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Count on Spokane Symphony and State Street Ballet to add up to holiday ‘Nutcracker’ fun

State Street Ballet performing The Nutcracker in 2014 at the Granada Theatre. (David Bazemore / David Bazemore Photo)
State Street Ballet performing The Nutcracker in 2014 at the Granada Theatre. (David Bazemore / David Bazemore Photo)
From staff reports

As much as “The Nutcracker” itself is a holiday tradition, so too is the yearly trip of members of Santa Barbara’s State Street Ballet to Spokane to perform the Pyotr Ilyich Tchaikovsky ballet.

State Street Ballet will return to the Martin Woldson Theater at the Fox to perform with the Spokane Symphony, conducted by Jorge Luis Uzcategui, and dozens of local dancers Thursday through Dec. 2.

Yes, the story may be the same, with a festive Christmas party, life-sized presents from the magical Uncle Drosselmeyer, the Mouse King and his troupe of mice and a nutcracker transformed into a handsome prince.

But that means you can count on the magic of “The Nutcracker” and the talent of the State Street Ballet dancers to whisk audiences away to the “Land of the Sugar Plum Fairy” being there time and time again.

Here’s a look at some of the numbers behind bringing the Christmas classic to stage.

40: Years the Spokane Symphony has performing “The Nutcracker.” Their collaboration with State Street Ballet started eight years ago.

39: The number of years, including this one, that the symphony’s principal trumpet Larry Jess and principal percussionist Paul Raymond have performed “The Nutcracker.” Jess, who joined the symphony in 1969, didn’t miss a “Nutcracker” until last year. Raymond took 1981 off for graduate school.

35: Spokane Symphony musicians in the orchestra for “The Nutcracker.”

24: Number of movements included in Tchaikovsky’s score to “The Nutcracker.”

24: State Street dancers. That includes members of State Street’s professional company, three apprentices and one trainee. There are two different casts for the “The Nutcracker,” so dancers alternate parts, but everyone is in every show, said Leila Drake, associate director of State Street Ballet.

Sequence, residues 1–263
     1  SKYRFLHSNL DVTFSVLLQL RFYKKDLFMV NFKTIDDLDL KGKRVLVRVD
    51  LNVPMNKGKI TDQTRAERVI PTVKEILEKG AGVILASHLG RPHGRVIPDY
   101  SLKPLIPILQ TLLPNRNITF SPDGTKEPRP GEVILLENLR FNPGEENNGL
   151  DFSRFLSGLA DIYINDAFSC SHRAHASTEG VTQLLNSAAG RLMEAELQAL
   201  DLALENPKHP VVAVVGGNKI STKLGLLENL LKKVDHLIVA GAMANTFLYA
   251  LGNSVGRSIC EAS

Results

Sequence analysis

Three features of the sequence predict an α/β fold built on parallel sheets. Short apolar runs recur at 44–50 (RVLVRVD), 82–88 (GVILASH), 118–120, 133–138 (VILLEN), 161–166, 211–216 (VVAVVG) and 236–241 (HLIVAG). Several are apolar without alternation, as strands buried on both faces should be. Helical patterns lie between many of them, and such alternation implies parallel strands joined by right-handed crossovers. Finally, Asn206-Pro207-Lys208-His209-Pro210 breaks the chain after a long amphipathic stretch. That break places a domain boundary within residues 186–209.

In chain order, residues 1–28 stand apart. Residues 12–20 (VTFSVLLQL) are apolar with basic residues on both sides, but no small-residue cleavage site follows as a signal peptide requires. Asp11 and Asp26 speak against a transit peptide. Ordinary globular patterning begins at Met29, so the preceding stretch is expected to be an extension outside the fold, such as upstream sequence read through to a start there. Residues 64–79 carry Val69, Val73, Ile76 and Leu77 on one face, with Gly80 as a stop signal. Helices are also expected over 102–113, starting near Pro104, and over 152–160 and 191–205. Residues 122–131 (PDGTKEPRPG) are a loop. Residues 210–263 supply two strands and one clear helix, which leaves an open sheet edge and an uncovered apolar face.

87: Student dancers performing in “The Nutcracker.” That’s 24 bon bons, 27 angels, 14 party scene dancers, 10 soldiers and 12 mice. Most parts have two casts and share the five perfomances. In September, 125 students auditioned for the roles. The students represent 11 area studios: Academy of Dance, Artistry in Motion, Ballet Arts Academy, Dance Center of Spokane, Elite Dance Studio, Expressions School of Performing Arts, Inland Northwest Ballet, Northern Ballet Performing Arts, Northern Dance Theatre, Sandra Olgard School of Dance and Spokane Ballet Studio.

8: Weeks of rehearsal. Dancers work with Emily Grizzell and Sara Donally once a week to get ready for the show, and rehearsals are mandatory. “Emily Grizzell and I rehearse them hard so they will be fully prepared to perform in this professional production. It’s hard work and a big commitment for the students and their parents,” Donally said.

3: Nutcrackers travel with State Street. “And they are constantly needing repair. We have a stockpile in Santa Barbara, but I’m always on the lookout for more,” said Nicole Thompson, wardrobe director of State Street Ballet.

302: Costumes. For the ballet company, there are 127 costumes plus headpieces, which travel on three clothing racks and four boxes. For the student dancers, it’s 175 costumes plus headpiece that arrive in eight giant boxes or suitcases. “All of the tunics and tutus have to be hand-sparkled, which means sewing one sequin on at a time. We never glue them on,” Thompson said.

75: Pairs of pointe shoes. “Our ballerinas go through about five pairs of pointe shoes each for this ‘Nutcracker’ tour, so you can safely say there are about 75 pairs of pointe shoes ready to go. Some of them only last for one performance, depending on the role danced and the brand of shoe,” Drake said.

20: Pounds of fake snow used during the run. Drake says to look for new choreography during the snow scene this year.

1: Medium-size cargo truck. While most of the ballet company travels by plane, the sets, costumes, fake snow and dancers’ luggage arrive in a truck – driven by the dancer who plays magical toymaker Drosselmeyer. “I guess that’s kind of appropriate, since he has to make sure everything gets there safely or there won’t be any ‘Nutcracker,’ ” Thompson said.

Sources: Spokane Symphony, State Street Ballet, and Spokane Ballet Studio

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